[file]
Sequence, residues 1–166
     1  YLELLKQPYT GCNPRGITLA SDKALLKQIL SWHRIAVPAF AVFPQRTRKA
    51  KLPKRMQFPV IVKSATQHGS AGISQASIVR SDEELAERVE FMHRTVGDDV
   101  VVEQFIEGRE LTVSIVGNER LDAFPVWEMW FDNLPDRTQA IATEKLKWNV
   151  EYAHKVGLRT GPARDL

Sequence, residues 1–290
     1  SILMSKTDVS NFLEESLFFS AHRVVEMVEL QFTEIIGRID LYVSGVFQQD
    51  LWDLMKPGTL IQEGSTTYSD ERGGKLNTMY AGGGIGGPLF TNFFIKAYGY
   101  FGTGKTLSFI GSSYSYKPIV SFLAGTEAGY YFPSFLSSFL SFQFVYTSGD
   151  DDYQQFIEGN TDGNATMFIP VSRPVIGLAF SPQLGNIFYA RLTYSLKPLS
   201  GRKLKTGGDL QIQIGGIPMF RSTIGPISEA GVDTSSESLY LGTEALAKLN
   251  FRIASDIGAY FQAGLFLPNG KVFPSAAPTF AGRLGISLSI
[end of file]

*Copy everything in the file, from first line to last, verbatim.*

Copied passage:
Sequence, residues 1–166
     1  YLELLKQPYT GCNPRGITLA SDKALLKQIL SWHRIAVPAF AVFPQRTRKA
    51  KLPKRMQFPV IVKSATQHGS AGISQASIVR SDEELAERVE FMHRTVGDDV
   101  VVEQFIEGRE LTVSIVGNER LDAFPVWEMW FDNLPDRTQA IATEKLKWNV
   151  EYAHKVGLRT GPARDL

Sequence, residues 1–290
     1  SILMSKTDVS NFLEESLFFS AHRVVEMVEL QFTEIIGRID LYVSGVFQQD
    51  LWDLMKPGTL IQEGSTTYSD ERGGKLNTMY AGGGIGGPLF TNFFIKAYGY
   101  FGTGKTLSFI GSSYSYKPIV SFLAGTEAGY YFPSFLSSFL SFQFVYTSGD
   151  DDYQQFIEGN TDGNATMFIP VSRPVIGLAF SPQLGNIFYA RLTYSLKPLS
   201  GRKLKTGGDL QIQIGGIPMF RSTIGPISEA GVDTSSESLY LGTEALAKLN
   251  FRIASDIGAY FQAGLFLPNG KVFPSAAPTF AGRLGISLSI